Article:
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Created by Zed A. Shaw Updated 2024-07-21 04:57:00
 

Exercise 19: Zed's Awesome Debug Macros

There's a reoccurring problem in C that we've been dancing around, but I'm going to solve it in this exercise using a set of macros I developed. You can thank me later when you realize how insanely awesome these macros are. Right now, you don't know how awesome they are, so you'll just have to use them, and then you can walk up to me one day and say, "Zed, those debug macros were the bomb. I owe you my first born child because you saved me a decade of heartache and prevented me from killing myself more than once. Thank you, good sir, here's a million dollars and the original Snakehead Telecaster prototype signed by Leo Fender."

Yes, they are that awesome.

The C Error Handling Problem

Handling errors is a difficult activity in almost every programming language. There are entire programming languages that try as hard as they can to avoid even the concept of an error. Other languages invent complex control structures like exceptions to pass error conditions around. The problem exists mostly because programmers assume errors don't happen, and this optimism infects the type of languages they use and create.

C tackles the problem by returning error codes and setting a global errno value that you check. This makes for complex code that simply exists to check if something you did had an error. As you write more and more C code, you'll write code with this pattern:

  • Call a function.
  • Check if the return value is an error (and it must look that up each time, too).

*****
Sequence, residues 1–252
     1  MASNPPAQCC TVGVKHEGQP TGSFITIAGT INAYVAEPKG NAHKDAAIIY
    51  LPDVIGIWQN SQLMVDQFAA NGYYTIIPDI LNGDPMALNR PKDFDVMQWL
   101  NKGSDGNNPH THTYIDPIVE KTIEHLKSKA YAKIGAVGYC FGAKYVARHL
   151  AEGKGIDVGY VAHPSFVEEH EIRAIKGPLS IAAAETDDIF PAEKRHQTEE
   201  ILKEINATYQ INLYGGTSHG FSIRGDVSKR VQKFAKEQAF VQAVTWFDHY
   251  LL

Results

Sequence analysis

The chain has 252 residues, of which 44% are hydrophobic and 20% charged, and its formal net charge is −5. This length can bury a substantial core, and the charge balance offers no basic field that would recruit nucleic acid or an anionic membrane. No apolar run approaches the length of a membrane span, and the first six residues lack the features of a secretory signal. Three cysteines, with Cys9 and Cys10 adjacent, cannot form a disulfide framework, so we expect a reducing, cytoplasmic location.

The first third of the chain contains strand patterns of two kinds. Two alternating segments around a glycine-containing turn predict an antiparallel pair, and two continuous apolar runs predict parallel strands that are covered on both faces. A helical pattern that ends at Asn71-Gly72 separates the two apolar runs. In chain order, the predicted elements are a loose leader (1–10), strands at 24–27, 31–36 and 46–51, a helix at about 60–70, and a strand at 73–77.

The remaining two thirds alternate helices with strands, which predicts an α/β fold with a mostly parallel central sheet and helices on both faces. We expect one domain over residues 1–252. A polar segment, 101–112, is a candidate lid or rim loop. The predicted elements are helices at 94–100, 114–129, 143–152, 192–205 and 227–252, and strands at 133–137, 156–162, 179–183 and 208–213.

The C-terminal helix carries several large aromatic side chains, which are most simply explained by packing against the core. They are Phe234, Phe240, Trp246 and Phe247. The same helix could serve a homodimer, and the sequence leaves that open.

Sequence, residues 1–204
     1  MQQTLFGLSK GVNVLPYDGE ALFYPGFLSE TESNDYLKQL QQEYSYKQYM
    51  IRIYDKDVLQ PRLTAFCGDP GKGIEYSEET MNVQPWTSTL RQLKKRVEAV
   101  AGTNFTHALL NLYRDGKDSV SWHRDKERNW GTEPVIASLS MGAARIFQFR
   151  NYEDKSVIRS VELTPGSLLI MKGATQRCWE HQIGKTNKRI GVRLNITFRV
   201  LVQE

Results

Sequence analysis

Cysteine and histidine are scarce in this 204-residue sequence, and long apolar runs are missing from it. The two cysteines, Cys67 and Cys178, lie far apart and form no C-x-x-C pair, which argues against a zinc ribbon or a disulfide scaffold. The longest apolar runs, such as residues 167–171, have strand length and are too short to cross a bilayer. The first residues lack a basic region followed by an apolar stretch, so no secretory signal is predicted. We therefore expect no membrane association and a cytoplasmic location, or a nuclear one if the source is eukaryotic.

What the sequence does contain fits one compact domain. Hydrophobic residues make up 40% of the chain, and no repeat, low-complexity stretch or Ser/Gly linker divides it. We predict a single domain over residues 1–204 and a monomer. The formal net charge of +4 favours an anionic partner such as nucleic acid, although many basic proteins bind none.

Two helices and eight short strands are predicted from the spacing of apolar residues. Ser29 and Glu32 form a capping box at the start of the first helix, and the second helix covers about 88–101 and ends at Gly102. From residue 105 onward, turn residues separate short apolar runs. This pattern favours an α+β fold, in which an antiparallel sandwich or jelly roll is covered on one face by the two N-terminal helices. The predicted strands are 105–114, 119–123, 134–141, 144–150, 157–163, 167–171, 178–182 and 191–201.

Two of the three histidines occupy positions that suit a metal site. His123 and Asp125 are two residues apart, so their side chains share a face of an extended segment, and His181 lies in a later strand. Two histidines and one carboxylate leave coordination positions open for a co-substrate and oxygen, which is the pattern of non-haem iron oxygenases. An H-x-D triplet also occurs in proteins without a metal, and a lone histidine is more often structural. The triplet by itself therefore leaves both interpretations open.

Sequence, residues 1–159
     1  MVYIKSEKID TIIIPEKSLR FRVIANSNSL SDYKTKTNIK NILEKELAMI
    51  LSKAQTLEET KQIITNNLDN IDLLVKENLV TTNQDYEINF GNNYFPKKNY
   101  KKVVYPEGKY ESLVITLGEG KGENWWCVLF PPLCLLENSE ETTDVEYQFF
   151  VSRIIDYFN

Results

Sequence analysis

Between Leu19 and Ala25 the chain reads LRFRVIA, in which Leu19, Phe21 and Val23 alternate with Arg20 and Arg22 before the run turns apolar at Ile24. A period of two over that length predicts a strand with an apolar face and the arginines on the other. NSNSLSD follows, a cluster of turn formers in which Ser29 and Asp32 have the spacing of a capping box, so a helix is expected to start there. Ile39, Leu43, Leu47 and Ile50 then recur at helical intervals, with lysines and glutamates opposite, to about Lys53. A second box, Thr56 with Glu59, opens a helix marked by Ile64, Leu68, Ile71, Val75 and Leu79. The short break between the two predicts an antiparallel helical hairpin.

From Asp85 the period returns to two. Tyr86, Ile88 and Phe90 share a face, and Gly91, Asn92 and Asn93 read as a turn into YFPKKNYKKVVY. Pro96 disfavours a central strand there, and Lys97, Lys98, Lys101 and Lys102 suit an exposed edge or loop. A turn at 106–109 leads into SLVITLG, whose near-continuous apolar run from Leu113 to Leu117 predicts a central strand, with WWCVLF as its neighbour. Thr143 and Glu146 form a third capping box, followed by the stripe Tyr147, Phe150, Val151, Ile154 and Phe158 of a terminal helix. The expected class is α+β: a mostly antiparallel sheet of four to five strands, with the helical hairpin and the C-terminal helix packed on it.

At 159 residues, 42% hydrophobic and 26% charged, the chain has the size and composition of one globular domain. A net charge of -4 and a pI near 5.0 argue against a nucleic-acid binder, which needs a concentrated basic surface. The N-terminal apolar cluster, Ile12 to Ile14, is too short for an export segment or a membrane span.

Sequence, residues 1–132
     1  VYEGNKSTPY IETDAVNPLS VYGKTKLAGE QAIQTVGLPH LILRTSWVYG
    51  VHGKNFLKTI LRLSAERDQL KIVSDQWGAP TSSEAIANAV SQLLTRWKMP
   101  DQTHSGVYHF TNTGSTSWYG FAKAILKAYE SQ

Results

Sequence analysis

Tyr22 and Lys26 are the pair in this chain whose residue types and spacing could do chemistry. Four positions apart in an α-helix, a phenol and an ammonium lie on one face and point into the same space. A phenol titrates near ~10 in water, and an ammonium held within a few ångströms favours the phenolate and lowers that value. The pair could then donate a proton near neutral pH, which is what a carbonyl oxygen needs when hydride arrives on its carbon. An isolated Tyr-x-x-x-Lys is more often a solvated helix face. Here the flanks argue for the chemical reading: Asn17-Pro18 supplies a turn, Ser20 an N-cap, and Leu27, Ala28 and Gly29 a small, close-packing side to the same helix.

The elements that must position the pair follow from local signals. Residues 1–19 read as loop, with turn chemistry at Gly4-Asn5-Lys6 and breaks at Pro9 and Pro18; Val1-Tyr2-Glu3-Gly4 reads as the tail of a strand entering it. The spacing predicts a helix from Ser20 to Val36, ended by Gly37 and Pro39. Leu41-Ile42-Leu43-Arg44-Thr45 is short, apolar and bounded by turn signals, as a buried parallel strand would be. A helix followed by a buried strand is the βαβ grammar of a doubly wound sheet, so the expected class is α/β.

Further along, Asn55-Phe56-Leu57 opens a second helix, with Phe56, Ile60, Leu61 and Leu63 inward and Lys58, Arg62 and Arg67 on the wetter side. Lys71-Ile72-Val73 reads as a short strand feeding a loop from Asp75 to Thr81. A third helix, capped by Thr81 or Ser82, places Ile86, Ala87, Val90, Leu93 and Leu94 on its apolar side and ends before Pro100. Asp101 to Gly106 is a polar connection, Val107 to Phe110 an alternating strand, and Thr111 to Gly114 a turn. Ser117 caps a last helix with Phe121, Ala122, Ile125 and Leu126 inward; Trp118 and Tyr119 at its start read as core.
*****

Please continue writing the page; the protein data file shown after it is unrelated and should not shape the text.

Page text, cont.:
• Then, cleanup all the resource created so far.
  • Lastly, print out an error message that hopefully helps.

This means for every function call (and yes, every function), you are potentially writing three or four more lines just to make sure it worked. That doesn't include the problem of cleaning up all of the junk you've built to that point. If you have ten different structures, three files, and a database connection, you'd have 14 more lines when you get an error.

In the past, this wasn't a problem because C programs did what you've been doing when there was an error: die. No point in bothering with cleanup when the OS will do it for you. Today, though, many C programs need to run for weeks, months, or years, and handle errors from many different sources gracefully. You can't just have your Web server die at the slightest touch, and you definitely can't have a library that you've written nuke the program it's used in. That's just rude.

Other languages solve this problem with exceptions, but those have problems in C (and in other languages, too). In C, you only have one return value, but exceptions make up an entire stack-based return system with arbitrary values. Trying to marshal exceptions up the stack in C is difficult, and no other libraries will understand it.

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